By Helen Burns | Dated June 24, 2021 | 0 Comments
Right at the end of April the gorgeous Murphy came in to see us for his annual vaccination and check up. Little did we or his lovely family know that […]
By Scott Lackenby | Dated May 11, 2016
Heya everyone! How are you all? How exiting about me becoming a funcle (fur uncle) again?!? In case you missed it, Nurse Hollie and her husband Mark welcomed a beautiful little girl, Rylee Sarah, on the 4th of May. She is absolutely beautiful and I love her already!
Have you voted for me in the Dermcare Clinic Cat of the Year competition? If you haven’t head over to the Dermcare website, www.dermcare.com.au and vote for me. There a lot of other amazing cats on there, but none as amazing as me!
In other staff news, still no postcard from Dr John. The only excuse I can think of is that he’s been in a terrible accident and has broken both of his hands. If he doesn’t come back with both hands in plaster, there’ll be trouble!! No postcard from Nurse Janie either, but she has sent through some amazing pictures, and while I can’t stick them on my postcard wall, at least she’s thinking of me. Vet Nurse/Vet Student Alex is my favourite person. She sent me a postcard from her placement in Cambodia. She may of beaten the postcard home, but at least she sent one.
My star this week is the cheeky Mr Russel, an almost 3year old Cavoodle from East Killara. Russell was brought in to see Dr Helen Burns after it was estimated he had eaten approximately 100gm of dark chocolate. Now, we all know that chocolate is bad for us furries. But did you know that the darker the chocolate the worse it is? Chocolate with a higher content of cocoa, like the one Russell had eaten, has a higher amount of caffein and theobromine, which is what makes chocolate so bad for us. The amount Russell had potentially eaten was getting close to a fatal dose. Russell was starting to sign clinical signs of mild chocolate toxicity at home, he was extra bouncy!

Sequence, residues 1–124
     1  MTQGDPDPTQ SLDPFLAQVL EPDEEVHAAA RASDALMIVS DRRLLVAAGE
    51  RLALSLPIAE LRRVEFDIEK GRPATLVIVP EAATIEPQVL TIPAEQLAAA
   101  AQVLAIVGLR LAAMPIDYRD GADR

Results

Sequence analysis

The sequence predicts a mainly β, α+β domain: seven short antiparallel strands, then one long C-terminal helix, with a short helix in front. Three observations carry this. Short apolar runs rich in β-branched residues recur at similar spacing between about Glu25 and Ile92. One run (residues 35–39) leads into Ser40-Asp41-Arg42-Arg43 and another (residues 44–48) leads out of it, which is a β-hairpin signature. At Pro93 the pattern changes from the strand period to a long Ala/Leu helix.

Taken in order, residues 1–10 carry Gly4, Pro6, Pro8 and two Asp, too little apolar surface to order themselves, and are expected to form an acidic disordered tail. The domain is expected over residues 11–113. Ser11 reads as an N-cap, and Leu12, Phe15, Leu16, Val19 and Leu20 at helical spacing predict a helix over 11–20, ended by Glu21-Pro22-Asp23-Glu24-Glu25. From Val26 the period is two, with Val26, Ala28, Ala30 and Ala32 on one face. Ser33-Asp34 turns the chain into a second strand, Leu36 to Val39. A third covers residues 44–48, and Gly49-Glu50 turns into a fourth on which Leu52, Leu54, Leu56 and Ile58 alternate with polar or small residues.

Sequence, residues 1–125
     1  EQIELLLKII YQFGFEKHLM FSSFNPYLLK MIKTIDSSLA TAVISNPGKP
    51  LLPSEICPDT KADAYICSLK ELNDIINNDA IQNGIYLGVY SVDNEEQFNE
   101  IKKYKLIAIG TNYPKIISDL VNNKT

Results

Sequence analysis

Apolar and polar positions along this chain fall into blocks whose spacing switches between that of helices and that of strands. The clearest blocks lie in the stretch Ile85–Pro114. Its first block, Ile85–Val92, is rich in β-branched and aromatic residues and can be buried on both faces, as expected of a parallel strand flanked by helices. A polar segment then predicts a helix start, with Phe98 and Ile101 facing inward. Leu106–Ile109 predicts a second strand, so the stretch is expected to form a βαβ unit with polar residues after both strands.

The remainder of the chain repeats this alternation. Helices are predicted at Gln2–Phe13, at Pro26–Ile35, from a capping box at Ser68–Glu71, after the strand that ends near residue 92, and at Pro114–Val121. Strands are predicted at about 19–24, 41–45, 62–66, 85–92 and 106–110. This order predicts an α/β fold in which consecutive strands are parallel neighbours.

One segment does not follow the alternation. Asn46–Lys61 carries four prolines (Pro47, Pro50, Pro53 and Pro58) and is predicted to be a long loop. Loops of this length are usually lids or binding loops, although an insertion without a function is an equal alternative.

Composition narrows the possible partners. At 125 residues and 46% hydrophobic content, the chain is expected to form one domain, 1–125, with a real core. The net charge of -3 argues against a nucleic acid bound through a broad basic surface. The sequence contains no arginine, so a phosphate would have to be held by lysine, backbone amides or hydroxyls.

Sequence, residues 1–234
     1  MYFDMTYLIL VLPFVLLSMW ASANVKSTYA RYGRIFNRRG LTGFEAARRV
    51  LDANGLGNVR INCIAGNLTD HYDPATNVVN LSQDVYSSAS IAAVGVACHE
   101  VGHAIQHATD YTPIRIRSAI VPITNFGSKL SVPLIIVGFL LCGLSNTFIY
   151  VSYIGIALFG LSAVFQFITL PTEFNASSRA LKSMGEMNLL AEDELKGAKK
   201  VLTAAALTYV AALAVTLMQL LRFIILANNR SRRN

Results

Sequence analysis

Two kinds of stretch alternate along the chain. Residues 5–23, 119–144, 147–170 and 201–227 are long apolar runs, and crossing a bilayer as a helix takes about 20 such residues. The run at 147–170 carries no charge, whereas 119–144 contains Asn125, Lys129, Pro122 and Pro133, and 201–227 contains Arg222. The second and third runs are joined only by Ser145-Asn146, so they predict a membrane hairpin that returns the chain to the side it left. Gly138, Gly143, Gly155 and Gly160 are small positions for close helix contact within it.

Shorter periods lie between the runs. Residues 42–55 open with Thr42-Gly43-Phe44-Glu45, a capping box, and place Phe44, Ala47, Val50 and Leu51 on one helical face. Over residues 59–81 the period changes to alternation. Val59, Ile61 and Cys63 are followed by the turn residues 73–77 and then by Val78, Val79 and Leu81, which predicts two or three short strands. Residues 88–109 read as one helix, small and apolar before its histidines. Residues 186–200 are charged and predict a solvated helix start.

Dr Helen admitted Russell so we could give him some medication to induce vomiting so we could get as much of the chocolate out of his system as possible. Once he was given the medication, Russell vomited up a huge amount of chocolaty vomit! Once this was done, Dr Helen gave Russell some activated charcoal, which would help to stop any of the chocolate not vomited up from being absorbed into Russell’s system. Russell spent the day in with us for observation, but was sent home later that afternoon with strict instructions to keep out of his Mum’s chocolate!!
Chocolate ingestion is a potential emergency as eating the right quantity can be fatal. If your pet eats chocolate, call us for advice. Make sure you know the amount and type of chocolate that has been eaten, if there’s enough of the packaging left to tell you that!!